The Fifth Crusade

Fifth Crusade a

The Fifth Crusade

A little over a hundred years earlier, Pope Urban II had told the Knights of Europe, that it was a crime to kill Christians, for the purpose of the crusade was to free up the Holy Land for Christian pilgrims.

The Fourth Crusade, led by knights not kings under the direction of Pope Innocent III, had no compunction about killing Christians who actively stood in their way.  In the beginning knights just ignored requests by the Pope not to kill Christians, but he was not standing with them, and his requests fell on deaf ears.

With the disaster of the Fourth crusade behind them, Pope Innocent III called for a new crusade, which was made up of many Christian citizens, as many European leaders were busy fighting each other.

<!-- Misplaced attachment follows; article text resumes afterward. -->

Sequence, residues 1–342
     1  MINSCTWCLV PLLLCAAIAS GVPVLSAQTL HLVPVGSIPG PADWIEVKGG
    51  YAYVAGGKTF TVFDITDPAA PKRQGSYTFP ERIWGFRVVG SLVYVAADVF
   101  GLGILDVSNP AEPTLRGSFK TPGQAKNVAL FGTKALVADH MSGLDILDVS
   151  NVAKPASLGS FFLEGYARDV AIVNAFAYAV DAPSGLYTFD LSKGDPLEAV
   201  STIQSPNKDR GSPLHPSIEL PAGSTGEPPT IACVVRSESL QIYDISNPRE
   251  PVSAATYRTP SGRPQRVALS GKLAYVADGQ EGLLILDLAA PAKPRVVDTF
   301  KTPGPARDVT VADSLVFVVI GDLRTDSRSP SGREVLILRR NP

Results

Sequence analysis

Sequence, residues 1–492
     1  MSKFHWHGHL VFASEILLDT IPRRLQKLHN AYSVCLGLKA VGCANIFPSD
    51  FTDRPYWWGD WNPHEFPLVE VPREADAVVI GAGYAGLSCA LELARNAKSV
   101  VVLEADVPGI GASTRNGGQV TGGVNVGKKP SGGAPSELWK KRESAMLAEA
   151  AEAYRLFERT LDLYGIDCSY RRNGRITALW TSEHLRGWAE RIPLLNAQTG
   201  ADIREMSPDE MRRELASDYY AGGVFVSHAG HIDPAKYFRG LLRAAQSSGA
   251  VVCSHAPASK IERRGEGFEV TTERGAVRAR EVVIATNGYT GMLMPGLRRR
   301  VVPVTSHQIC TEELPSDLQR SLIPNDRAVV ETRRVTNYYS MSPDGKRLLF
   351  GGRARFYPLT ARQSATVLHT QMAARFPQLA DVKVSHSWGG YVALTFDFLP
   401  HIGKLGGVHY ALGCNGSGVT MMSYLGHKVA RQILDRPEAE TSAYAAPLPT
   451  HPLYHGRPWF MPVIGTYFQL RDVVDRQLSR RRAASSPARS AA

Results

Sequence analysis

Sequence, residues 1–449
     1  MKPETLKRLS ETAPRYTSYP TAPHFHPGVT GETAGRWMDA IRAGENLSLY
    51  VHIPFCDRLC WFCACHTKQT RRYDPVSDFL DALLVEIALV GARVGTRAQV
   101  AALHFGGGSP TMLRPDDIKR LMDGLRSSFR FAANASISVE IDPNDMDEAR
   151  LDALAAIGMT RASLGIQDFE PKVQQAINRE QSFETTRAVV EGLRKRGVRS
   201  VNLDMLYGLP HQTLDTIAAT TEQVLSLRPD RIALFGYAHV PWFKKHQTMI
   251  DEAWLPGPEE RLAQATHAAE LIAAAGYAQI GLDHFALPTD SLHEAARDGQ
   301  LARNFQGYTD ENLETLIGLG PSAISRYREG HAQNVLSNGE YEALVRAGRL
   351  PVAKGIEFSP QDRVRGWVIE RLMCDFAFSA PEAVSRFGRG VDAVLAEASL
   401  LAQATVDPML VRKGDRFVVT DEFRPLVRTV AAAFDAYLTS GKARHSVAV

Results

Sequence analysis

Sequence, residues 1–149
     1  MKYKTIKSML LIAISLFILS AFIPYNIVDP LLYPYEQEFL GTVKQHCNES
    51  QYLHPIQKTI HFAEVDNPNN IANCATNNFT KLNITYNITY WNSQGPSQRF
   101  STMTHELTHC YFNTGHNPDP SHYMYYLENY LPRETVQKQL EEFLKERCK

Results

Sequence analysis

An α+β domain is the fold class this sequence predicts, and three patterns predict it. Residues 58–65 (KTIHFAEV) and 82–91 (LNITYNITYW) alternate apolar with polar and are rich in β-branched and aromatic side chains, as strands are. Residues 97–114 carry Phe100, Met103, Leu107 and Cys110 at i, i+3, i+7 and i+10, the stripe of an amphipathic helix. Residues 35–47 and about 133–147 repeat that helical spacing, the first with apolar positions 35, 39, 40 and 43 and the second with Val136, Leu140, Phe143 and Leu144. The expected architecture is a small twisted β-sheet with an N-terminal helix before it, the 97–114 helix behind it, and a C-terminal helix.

In 1217, the Crusader army headed to Acre and joined up with John of Brienne current ruler of the Kingdom of Jerusalem, and Prince Bohemund IV of the kingdom of Antioch.  Their combined forces would do battle against the Ayyubids state of Egypt.

With minimal success, they were joined by the armies of Germany and Holland, in re-taking Jerusalem.  Oliver of Cologne and William I the Count of Holland arrived to conqueror Egypt.  They allied themselves with the Seljuk Sultan of Rum, who attacked Egyptians from the north.

In June of 1218, the crusaders attacked Damietta, an Egyptian settlement, taking several months of hard fighting, with the loss of thousands of lives.  As victors they looted Damietta, giving them the inspiration to take on Cairo.

The Sultan Al-Adil came face to face with the crusader army a few miles outside of Damietta.  Egyptian forces moved closer to Cairo and the Nile.  As the crusaders neared Cairo, they became trapped by the water’s, and were forced to retreat.

The Sultan Al-Adil’s army captured the larger crusader force, because they knew their landscape and the water’s well.  Damietta was returned to the Sultan, as the fifth crusade drew to a close.

(Image) Fifth Crusade: Wikipedia